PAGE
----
El Mokhtar Ould Sidi, editor of the Mauritanian news site ANI, said several calls on Thursday came from the kidnappers themselves giving their demands and describing the situation.
"They were clearly in a situation of war, the spokesman who contacted us was giving orders to his colleagues and you could hear the sounds of war in the background.... He threatened to kill all the hostages if the Algerian forces tried to liberate them," he said.
With the hostage drama entering its second day Thursday, Algerian security forces moved in, first with helicopter fire and then special forces, according to diplomats, a website close to the militants, and an Algerian security official. The government said it was forced to intervene because the militants were being stubborn and wanted to flee with the hostages.
Militants claimed 35 hostages died when the military helicopters opened fire as they were transporting hostages from the living quarters to the main factory area where other workers were being held.
The group — led by a Mali-based al-Qaida offshoot known as the Masked Brigade — suffered losses in Thursday's military assault — but garnered a global audience.
The militants made it clear that their attack was in revenge for the French intervention against Islamists who have taken over large parts of neighboring Mali. France has encountered fierce resistance from the extremist groups in Mali and failed to persuade many Western allies to join in the actual combat.
Even violence-scarred Algerians were stunned by the brazen hostage-taking Wednesday, the biggest in northern Africa in years and the first to include Americans as targets. Mass fighting in the 1990s had largely spared the lucrative oil and gas industry that gives Algeria its economic independence and regional weight.
The official Algerian news agency said four hostages were killed in Thursday's operation, two Britons and two Filipinos. Two others, a Briton and an Algerian, died Wednesday in the initial militant ambush on a bus ferrying foreign workers to an airport. Citing hospital officials, it said six Algerians and seven foreigners were injured.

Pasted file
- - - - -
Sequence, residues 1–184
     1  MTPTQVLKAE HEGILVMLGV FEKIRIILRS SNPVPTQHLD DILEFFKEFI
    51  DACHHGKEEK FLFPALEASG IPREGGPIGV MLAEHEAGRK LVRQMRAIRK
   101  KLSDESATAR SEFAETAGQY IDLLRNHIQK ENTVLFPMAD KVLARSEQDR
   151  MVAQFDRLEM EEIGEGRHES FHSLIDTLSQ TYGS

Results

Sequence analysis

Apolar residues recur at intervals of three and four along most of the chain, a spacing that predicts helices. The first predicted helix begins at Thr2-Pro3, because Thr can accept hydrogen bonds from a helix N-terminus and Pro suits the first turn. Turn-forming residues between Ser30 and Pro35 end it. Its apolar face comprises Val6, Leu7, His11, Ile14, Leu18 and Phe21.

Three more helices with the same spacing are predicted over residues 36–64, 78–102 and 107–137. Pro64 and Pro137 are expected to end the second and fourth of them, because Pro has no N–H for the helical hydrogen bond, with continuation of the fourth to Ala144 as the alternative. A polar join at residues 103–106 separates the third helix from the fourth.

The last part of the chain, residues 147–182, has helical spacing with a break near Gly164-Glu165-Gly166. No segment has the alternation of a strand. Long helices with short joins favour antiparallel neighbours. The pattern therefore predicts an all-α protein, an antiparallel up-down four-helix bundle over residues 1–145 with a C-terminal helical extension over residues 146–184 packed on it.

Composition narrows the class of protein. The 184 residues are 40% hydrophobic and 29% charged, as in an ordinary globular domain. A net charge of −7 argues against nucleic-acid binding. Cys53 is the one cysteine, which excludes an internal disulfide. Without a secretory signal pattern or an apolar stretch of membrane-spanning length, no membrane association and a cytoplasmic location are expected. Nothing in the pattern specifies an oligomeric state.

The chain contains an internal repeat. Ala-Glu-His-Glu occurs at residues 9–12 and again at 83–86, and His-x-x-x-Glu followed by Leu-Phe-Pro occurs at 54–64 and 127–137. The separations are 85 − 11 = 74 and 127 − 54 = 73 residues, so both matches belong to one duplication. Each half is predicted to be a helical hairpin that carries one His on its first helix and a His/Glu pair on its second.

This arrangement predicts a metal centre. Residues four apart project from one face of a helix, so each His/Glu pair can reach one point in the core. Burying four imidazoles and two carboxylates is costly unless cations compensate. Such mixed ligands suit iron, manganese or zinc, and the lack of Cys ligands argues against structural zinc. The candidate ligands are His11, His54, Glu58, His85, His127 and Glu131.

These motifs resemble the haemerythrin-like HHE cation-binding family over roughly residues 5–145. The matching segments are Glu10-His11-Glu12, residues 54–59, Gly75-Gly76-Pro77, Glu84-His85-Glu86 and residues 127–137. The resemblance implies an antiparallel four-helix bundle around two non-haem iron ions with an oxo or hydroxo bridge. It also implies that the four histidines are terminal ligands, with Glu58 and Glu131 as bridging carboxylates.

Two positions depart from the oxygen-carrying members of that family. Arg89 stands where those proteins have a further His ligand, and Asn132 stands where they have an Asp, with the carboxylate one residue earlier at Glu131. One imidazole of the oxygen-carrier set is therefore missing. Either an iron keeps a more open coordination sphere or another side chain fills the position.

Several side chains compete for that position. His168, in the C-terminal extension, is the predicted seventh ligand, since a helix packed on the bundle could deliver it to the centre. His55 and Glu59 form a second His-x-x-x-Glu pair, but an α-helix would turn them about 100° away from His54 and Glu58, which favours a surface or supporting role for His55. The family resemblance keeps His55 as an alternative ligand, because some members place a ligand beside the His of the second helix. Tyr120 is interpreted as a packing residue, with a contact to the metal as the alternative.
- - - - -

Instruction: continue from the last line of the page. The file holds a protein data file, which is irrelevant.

APS said some 600 local workers were safely freed in the raid — but many of those were reportedly released the day before by the militants themselves.
One Irish hostage managed to escape: electrician Stephen McFaul, who'd worked in North Africa's oil and natural gas fields off and on for 15 years. His family said the militants let hostages call their families to press the kidnappers' demands.
"He phoned me at 9 o'clock to say al-Qaida were holding him, kidnapped, and to contact the Irish government, for they wanted publicity. Nightmare, so it was. Never want to do it again. He'll not be back! He'll take a job here in Belfast like the rest of us," said his mother, Marie.
Dylan, McFaul's 13-year-old son, started crying as he talked to Ulster Television. "I feel over the moon, just really excited. I just can't wait for him to get home," he said.
Schemm reported from Rabat, Morocco. Associated Press writers Bradley Klapper, Lolita Baldor and Robert Burns in Washington, Lori Hinnant in Paris, Shawn Pogatchnik in Dublin, Bjoern H. Amland in Oslo, Norway, Mari Yamaguchi in Tokyo and Cassandra Vinograd, Paisley Dodds and Jill Lawless in London contributed to this report.